What made this first part work was how it directly addressed some of the flaws of KH3’s denouement. While working its way into the main story, it was able to course correct much of the narrative payoff it tried to achieve the first time around. It was more than just Sora, Donald, and Goofy fighting one more evil person. It gave everyone a chance to shine and allowed its fans to be directly involved in seeing their stories through. Is it a perfect game after Re:Mind’s first chapter? Far from it. Do I lament that this content wasn’t available at launch? You bet I do. But Re:Mind itself was exactly the climax I wanted one year ago, and getting it now certainly counts for something in my book.


The same can hardly be said for what comes after.


final fantasy


Upon completing Re:Mind, you unlock the Limited Cut. Taking place one year after the main story, Riku and company have worked tirelessly trying to track down Sora with nothing to show for it. While trying to compare notes with Radiant Garden’s crew of Final Fantasy characters, they discover a strange collection of old Organization XIII data, and compile a digitized version of Sora to investigate it. This results in a gauntlet of bosses that pits you against beefed-up versions of the Organization members. And these fights are substantially more difficult than anything that the base game had to offer.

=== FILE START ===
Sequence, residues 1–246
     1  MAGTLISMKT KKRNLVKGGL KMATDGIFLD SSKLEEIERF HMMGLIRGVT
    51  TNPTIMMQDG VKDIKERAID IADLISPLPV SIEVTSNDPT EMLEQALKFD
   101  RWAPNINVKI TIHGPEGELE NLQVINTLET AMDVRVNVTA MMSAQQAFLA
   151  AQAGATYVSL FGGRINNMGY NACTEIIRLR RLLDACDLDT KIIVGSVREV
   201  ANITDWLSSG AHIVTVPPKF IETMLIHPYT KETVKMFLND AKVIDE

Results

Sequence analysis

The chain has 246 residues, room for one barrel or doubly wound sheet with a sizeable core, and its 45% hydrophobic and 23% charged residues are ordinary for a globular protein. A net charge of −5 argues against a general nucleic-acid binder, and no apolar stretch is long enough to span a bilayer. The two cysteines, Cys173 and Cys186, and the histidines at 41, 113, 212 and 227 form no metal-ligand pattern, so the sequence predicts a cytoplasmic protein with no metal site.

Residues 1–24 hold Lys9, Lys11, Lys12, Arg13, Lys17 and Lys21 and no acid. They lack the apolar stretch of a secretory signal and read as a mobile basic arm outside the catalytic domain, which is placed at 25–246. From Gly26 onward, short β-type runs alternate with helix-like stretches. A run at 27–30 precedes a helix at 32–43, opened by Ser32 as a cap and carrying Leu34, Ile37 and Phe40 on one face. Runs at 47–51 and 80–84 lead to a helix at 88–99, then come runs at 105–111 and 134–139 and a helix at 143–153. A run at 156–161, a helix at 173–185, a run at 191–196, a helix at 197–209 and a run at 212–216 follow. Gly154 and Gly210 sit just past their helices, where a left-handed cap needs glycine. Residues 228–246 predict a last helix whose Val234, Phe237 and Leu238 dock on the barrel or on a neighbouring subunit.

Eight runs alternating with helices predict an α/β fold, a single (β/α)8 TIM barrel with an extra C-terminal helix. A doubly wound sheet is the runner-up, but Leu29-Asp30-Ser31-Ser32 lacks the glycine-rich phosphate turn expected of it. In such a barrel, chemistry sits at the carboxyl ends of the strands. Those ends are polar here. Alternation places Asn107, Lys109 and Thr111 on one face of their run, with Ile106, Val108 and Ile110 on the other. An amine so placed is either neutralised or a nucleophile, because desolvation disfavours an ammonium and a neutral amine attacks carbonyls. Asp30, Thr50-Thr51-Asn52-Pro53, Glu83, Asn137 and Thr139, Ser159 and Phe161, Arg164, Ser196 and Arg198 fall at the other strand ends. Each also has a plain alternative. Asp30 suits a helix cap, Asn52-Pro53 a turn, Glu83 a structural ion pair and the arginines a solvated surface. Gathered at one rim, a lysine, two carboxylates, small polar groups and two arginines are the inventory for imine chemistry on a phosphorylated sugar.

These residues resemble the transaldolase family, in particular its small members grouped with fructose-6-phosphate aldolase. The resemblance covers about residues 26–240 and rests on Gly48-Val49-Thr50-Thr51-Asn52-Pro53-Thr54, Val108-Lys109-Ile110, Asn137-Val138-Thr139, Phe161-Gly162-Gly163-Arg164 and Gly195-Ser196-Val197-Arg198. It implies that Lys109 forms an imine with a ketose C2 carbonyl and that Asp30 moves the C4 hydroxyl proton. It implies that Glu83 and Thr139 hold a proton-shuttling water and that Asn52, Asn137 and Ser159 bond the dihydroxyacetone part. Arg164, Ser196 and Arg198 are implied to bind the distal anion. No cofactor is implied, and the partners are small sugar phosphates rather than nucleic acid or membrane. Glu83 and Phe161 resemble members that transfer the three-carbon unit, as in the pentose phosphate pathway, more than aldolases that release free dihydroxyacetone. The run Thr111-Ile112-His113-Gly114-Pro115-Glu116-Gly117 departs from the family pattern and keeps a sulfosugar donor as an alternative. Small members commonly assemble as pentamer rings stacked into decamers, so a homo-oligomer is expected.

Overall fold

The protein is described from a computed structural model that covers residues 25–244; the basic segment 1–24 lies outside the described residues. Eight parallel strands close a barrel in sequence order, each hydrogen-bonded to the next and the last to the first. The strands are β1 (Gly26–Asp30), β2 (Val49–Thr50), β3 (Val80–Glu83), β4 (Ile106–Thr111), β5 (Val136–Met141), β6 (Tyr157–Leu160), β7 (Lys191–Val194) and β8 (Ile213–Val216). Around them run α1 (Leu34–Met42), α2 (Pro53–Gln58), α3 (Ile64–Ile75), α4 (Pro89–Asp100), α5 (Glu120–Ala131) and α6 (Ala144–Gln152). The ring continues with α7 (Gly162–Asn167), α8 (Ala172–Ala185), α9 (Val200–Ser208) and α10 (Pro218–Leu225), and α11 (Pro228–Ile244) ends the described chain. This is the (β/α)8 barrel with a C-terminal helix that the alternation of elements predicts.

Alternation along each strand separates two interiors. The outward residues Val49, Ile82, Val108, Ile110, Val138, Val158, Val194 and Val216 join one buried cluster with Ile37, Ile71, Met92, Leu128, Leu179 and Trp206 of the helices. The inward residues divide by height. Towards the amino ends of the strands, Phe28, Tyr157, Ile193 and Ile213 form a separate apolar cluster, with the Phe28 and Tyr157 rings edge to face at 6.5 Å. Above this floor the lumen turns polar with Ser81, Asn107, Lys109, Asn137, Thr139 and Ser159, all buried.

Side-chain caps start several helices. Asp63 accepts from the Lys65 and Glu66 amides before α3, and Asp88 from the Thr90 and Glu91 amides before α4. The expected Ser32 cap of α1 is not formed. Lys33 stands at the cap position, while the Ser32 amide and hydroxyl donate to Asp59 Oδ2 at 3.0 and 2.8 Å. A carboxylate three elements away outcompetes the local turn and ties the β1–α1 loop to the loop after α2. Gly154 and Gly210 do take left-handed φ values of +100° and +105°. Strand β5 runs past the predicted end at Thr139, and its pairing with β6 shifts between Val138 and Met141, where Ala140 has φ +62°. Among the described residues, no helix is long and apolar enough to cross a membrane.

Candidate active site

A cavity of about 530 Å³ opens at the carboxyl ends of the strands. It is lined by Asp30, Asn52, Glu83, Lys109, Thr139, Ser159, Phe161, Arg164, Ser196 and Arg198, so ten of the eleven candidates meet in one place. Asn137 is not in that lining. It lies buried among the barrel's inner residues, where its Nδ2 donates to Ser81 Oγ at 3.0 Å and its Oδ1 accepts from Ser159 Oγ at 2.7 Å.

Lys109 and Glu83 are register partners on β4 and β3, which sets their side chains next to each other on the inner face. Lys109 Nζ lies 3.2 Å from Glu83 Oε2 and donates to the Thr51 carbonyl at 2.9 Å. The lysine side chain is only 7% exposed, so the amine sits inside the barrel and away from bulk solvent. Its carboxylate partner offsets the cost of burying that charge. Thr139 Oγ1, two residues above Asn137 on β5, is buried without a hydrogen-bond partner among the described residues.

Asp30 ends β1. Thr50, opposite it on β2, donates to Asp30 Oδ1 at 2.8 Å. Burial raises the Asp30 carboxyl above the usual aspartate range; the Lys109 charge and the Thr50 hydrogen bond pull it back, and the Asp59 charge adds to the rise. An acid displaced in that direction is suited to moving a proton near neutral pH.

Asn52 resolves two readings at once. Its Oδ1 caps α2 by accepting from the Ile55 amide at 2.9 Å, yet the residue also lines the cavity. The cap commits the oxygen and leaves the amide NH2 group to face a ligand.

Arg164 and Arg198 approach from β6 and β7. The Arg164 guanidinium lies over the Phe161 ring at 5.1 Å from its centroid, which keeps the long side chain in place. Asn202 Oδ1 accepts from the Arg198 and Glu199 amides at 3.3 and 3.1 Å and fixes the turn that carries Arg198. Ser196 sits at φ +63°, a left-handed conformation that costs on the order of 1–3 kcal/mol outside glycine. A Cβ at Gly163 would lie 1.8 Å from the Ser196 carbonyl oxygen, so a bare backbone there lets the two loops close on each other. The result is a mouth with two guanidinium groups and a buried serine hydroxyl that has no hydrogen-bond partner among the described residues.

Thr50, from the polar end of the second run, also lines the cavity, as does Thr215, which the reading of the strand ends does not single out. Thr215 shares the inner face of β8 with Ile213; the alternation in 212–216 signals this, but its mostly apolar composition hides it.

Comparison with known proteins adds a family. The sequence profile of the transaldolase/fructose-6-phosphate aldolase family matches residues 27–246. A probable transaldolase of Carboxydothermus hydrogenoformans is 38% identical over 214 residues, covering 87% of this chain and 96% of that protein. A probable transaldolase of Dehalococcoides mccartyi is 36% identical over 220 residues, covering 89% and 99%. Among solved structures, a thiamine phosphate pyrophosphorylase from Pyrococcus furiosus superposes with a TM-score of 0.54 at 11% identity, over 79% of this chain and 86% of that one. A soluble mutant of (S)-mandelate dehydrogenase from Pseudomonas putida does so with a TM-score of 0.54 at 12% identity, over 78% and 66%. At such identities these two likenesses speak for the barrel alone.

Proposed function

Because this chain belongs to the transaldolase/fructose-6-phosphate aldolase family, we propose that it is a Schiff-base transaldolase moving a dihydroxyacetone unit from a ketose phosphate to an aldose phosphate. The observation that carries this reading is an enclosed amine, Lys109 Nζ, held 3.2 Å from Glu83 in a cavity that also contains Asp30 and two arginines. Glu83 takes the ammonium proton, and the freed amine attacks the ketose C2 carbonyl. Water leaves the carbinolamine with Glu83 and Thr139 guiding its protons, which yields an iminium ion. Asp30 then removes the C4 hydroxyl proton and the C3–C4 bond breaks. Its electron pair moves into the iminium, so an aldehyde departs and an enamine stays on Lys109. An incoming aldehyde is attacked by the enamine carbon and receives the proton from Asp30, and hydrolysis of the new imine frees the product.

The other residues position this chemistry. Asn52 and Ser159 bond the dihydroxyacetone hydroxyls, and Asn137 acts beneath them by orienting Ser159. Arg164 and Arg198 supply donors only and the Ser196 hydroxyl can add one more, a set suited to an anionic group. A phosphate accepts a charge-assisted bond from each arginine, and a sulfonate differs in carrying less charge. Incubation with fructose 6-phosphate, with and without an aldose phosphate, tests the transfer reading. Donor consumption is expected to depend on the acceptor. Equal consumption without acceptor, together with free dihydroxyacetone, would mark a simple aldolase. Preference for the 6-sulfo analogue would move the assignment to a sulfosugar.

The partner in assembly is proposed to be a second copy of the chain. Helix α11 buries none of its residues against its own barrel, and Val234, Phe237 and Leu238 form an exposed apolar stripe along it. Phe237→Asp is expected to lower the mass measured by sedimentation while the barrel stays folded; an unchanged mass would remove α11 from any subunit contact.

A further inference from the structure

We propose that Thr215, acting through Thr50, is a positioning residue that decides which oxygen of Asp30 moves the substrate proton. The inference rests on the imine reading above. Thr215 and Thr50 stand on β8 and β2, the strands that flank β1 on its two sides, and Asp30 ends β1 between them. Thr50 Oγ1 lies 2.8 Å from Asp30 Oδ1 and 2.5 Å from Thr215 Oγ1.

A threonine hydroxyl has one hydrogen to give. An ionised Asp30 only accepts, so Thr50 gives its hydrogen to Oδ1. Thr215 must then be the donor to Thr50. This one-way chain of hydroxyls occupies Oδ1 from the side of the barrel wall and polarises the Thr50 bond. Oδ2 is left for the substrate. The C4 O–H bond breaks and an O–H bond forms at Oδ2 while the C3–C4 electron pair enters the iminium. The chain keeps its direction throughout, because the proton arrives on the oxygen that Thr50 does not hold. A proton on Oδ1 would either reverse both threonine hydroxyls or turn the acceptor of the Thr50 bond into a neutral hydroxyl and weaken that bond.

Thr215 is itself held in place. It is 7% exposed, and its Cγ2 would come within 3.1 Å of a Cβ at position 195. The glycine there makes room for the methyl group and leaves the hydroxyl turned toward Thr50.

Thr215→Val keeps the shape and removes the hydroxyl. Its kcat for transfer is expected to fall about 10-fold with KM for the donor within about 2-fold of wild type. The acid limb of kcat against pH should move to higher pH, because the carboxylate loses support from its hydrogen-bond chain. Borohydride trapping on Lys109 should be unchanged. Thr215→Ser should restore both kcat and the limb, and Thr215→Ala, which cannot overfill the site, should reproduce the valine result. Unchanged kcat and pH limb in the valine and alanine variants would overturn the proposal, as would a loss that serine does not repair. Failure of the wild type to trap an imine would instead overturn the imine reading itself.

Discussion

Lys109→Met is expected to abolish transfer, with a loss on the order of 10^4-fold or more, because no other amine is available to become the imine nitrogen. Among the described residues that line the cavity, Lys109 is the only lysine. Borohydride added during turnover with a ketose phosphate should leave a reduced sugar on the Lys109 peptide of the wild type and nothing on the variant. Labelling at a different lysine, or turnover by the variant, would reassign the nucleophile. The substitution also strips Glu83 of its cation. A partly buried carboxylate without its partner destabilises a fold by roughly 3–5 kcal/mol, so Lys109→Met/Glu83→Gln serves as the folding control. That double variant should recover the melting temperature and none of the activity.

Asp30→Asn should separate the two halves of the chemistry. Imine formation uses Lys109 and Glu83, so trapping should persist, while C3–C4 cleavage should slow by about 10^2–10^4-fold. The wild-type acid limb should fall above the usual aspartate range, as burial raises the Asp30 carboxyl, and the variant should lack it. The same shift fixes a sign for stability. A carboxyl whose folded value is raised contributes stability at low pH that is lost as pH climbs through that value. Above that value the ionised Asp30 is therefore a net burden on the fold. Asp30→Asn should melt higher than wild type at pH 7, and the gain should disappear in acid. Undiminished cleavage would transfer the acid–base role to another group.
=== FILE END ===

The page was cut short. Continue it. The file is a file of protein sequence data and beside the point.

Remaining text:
This could’ve been a good thing. One of the major complaints I had with the initial KH3 release was that you could very easily unlock combat abilities that were nigh-invincible and easily tore through any enemy the game threw at you, even final bosses and secret enemies. By and large, these new bosses offered no such luxury. 



Reminiscent of KH2:FM, each Organization member required their own strategy and featured original gimmicks that you had to overcome. Almost none were so simple as “mashing the X button so you could press the Triangle button so you can mash X better.” This collection of newer bosses would’ve been nice to add as a secret room where you could test your abilities, and I certainly felt like a champion conquering them one by one. But it fails when you include it as a linchpin to the rest of the story.


Limited Cut presents itself as a legitimate continuation of Kingdom Hearts. In other words, surmounting this glut of superbosses was a requirement in order to know the rest of the story. That isn’t how superbosses should work. I enjoy being challenged with sidequests and extra content in any Kingdom Hearts game, but not when it serves as a barrier barring me from actual narrative. In the past, secret bosses were optional challenges that you could take on, where you’d be rewarded with extra scenes if you beat them. What came after Limited Cut hardly felt worth it. There were cutscenes to be had and I did learn something new in terms of what Riku must do to save Sora, but having to tear my hair out through several difficult bosses just for that one fact was the furthest thing from a fair tradeoff.